the money

Bernie Sanders Has Started Thinking Like a Republican

Bernie Sanders Attends Forum On Race And Economic Opportunity In Minneapolis
Bernie Sanders’s magical math. Photo: Stephen Maturen/Getty Images

This week, an internecine fight among left-of-center wonk technocrats erupted. If you were not one of the hundreds — perhaps scores — of people riveted, watching it unfold with popcorn in hand, it went down like this.

A while back, an economist named Gerald Friedman put out an analysis of Bernie Sanders’s economic plans, showing a bump in growth to 5.3 percent, a surge in productivity, the average monthly employment growth reaching nearly 300,000 over a ten-year period, and an employment-to-population ratio unseen since the bubble period of the late 1990s. This week, four Democratic big guns — Alan Krueger, Austan Goolsbee, Christina Romer, and Laura D’Andrea Tyson, all former chairs of the Council of Economic Advisers — called those claims fantastical.

This was not because they reran the numbers, to be fair, but because they seem far-fetched. Economists laughed at Jeb Bush for suggesting that he would hit 4 percent growth. Most believe we’ll be around 2 to 2.5 percent for the foreseeable future. As for the employment-to-population ratio surging, well, that seems unlikely given the aging of the population and the huge number of baby-boomer retirements we expect to see in the coming years. The productivity surge? That would be great! But again it seems unlikely. (Though, as others have noted, none of these things are impossible.)

But Krueger, Goolsbee, Romer, and Tyson did not just hit the Sanders campaign for its magic math — or, more precisely, for touting Friedman’s magic math. (Some economists, I should note, have also gone after the numbers coming straight from the Sanders campaign itself. Kenneth Thorpe of Emory University, for instance, has estimated that Bernie’s universal-health-care plan would cost about twice as much as Bernie said it would.) They hit the campaign for squandering Democrats’ wonk cred.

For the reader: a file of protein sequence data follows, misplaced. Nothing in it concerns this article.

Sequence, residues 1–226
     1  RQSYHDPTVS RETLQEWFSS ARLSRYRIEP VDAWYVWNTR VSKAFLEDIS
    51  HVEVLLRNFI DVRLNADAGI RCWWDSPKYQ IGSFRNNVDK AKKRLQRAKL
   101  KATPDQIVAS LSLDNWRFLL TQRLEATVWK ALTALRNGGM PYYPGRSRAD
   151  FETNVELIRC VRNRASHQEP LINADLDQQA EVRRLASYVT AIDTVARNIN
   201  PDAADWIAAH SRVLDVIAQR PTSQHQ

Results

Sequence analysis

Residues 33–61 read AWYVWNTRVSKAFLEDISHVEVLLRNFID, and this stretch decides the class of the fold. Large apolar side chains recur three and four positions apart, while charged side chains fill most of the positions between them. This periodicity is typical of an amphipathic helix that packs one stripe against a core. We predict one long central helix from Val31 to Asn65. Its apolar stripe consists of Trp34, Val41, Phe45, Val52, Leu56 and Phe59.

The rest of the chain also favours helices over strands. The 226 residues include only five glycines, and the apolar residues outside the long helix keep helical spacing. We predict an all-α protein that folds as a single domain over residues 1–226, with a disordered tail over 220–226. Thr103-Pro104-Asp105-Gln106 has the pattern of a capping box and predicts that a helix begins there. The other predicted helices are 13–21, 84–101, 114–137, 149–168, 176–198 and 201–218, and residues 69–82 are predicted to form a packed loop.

Friedman asserts that your plan will have huge beneficial impacts on growth rates, income and employment that exceed even the most grandiose predictions by Republicans about the impact of their tax cut proposals,” they write. “As much as we wish it were so, no credible economic research supports economic impacts of these magnitudes. Making such promises runs against our party’s best traditions of evidence-based policy making and undermines our reputation as the party of responsible arithmetic.”

They have a point here. As I and my colleague Jonathan Chait have noted with varying degrees of exasperation, depression, and glee, the Republicans have long since left reality behind when making budget plans. They have insisted on “dynamic scoring,” measuring the budget impact of various pieces of legislation according to how much magic sparkling pixie dust they believe such pieces of legislation will bestow on the economy. They have put forward tax plans that do not — cannot — add up, and kept on insisting that they would. They have promised everyone no taxes, awesome jobs, and a pony — all for free.

Democrats, say what you will, have avoided doing this to anything like the same degree. They have admitted that tax cuts do not pay for themselves. They have recognized that government spending needs to be financed with budget cuts, revenue increases, or a jump in the deficit. And they have sought affirmation, vindication even, from nonpartisan outlets like the Tax Policy Center.

But the Bernie campaign, for its part, has pushed back on the CEA critique not by arguing that the Friedman numbers are in line with reasonable assumptions, but by implying that the critique is motivated by political beliefs more than economics. “It’s not surprising that some of the same establishment economists who told us how wonderful NAFTA and unfettered free trade would be are now attacking Sen. Sanders’s economic agenda,” Warren Gunnels, Sanders’s policy adviser, told The Wall Street Journal.

Instead of trying to co-opt the Democratic Establishment, in other words, Bernie’s campaign has chosen to keep raising a middle finger to it. Why trust the technocrats that brought you 2 to 2.5 percent growth and a low employment-to-population ratio with their room-temperature policies? Why not believe that our moon-shot policies might bring around moon-shot economic changes? Why let the insider Democrats tell you what liberalism can accomplish?

It tells you something profound about the way that Bernie is running his campaign. He has no interest in garnering respectability and credibility among Establishment Democrats. (He is not even a Democrat, after all!) He has no problem trotting out what many would call magic math, given that he disputes who gets to brand different things fantastical or crazy or extreme in the first place. He is acting much more like a Republican than a Democrat: appealing to the base’s heart, à la Donald Trump, rather than the Establishment’s head. And to be fair, it is a campaign that in its embrace of big, big liberal ideas and promise of big, big liberal accomplishments has thus far proven pretty magical.

Bernie Has Started Thinking Like a Republican